Recommendations for Neuromodulation in Diabetic Neuropathic Pain

Zachary T. Olmsted, Amir Hadanny, Anthony M. Marchese, Marisa DiMarzio, Olga Khazen, Charles Argoff, Vishad Sukul, Julie G. Pilitsis

Research output: Contribution to journalArticlepeer-review

6 Scopus citations

Abstract

Over 50% of the 34 million people who suffer from diabetes mellitus (DM) are affected by diabetic neuropathy. Painful diabetic neuropathy (PDN) impacts 40–50% of that group (8.5 million patients) and is associated with a significant source of disability and economic burden. Though new neuromodulation options have been successful in recent clinical trials (NCT03228420), still there are many barriers that restrict patients from access to these therapies. We seek to examine our tertiary care center (Albany Medical Center, NY, USA) experience with PDN management by leveraging our clinical database to assess patient referral patterns and utilization of neuromodulation. We identified all patients with a diagnosis of diabetes type 1 (CODE: E10.xx) or diabetes type 2 (CODE: E11.xx) AND neuralgia/neuropathic pain (CODE: M79.2) or neuropathy (CODE: G90.09) or chronic pain (CODE: G89.4) or limb pain (CODE: M79.6) OR diabetic neuropathy (CODE: E11.4) who saw endocrinology, neurology, and/or neurosurgery from January 1, 2019, to December 31, 2019. We then determined which patients had received pain medications and/or neuromodulation to divide the cohort into three groups: no treatment, conservative treatment, and neuromodulation treatment. The cohorts were compared with chi-square or one-way ANOVA with multiple comparisons to analyze the differences. A total of 2,635 PDN patients were identified, of which 700 received no treatment for PDN, 1,906 received medication(s), and 29 received neuromodulation (intrathecal therapy, spinal cord stimulation, or dorsal root ganglion stimulation). The patients who received pain medications for PDN visited neurology more often than the pain specialists. Of the patients that received neuromodulation, 24 had seen neurology, 6 neurology pain, and 3 anesthesia pain. They averaged 2.78 pain medications prior to implant. Approximately 41% of the patients in the conservative management group were prescribed three or more medications. Of the 1,935 treated patients, only 1.5% of the patients received neuromodulation. The patients on three or more pain medications without symptomatic relief may be potential candidates for neuromodulation. An opportunity, therefore, exists to educate providers on the benefits of neuromodulation procedures.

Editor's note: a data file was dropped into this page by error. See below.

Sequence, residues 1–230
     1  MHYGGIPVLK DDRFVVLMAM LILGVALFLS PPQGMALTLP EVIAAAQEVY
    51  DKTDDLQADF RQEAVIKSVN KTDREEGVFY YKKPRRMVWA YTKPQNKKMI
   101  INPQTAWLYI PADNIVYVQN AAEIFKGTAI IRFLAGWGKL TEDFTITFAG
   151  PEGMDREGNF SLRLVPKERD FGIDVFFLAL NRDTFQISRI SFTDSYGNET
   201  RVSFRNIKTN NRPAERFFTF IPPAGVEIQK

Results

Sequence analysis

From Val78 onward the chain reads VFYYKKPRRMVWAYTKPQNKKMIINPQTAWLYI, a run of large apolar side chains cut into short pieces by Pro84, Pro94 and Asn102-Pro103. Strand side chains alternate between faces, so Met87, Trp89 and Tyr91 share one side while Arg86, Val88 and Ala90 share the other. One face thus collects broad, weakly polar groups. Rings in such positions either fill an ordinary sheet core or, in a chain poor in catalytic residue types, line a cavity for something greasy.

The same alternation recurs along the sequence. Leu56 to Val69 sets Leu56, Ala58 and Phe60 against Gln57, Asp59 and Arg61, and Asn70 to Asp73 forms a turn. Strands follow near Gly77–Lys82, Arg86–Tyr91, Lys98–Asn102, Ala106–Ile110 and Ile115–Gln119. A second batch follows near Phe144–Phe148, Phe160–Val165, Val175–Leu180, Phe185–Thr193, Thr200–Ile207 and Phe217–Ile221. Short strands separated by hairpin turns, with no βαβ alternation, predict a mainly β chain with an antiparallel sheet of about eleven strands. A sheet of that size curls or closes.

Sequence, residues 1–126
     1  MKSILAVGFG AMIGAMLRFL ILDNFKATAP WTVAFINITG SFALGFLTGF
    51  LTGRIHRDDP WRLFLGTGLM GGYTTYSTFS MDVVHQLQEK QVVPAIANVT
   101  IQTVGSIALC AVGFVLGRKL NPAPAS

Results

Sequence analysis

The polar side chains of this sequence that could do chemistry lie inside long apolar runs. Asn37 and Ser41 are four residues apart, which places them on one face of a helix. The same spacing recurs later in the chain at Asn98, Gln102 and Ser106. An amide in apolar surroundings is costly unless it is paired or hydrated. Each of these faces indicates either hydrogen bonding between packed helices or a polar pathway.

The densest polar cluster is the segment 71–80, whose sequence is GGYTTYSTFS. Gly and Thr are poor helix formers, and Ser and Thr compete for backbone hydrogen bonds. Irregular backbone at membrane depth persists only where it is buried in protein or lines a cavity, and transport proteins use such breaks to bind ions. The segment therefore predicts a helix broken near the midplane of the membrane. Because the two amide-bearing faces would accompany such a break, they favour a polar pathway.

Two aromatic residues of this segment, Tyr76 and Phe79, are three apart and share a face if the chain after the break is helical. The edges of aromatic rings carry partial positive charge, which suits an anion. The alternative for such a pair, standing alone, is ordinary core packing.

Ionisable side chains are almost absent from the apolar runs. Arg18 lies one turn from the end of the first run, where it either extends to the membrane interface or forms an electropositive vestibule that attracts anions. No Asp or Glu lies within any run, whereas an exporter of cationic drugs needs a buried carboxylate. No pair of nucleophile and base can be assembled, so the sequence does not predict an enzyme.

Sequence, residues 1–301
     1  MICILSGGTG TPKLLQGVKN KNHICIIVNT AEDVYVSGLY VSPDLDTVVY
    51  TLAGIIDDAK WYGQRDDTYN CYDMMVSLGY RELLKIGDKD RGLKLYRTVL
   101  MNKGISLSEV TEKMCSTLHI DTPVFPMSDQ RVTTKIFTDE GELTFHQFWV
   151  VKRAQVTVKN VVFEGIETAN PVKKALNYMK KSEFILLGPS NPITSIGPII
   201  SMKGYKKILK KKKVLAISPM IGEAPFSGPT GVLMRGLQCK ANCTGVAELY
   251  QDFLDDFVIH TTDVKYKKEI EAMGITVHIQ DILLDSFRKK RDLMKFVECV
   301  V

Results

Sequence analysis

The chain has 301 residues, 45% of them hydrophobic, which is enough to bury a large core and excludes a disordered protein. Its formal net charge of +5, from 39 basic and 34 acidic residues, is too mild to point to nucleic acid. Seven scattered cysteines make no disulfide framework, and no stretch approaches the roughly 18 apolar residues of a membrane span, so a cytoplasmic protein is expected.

Original languageEnglish
Article number726308
JournalFrontiers in Pain Research
Volume2
DOIs
StatePublished - 2021
Externally publishedYes

Bibliographical note

Publisher Copyright:
Copyright © 2021 Olmsted, Hadanny, Marchese, DiMarzio, Khazen, Argoff, Sukul and Pilitsis.

Keywords

  • diabetes mellitus
  • neuromodulation
  • neuropathic pain
  • pain management
  • pain referral
  • painful diabetic neuropathy
  • pharmacotherapy

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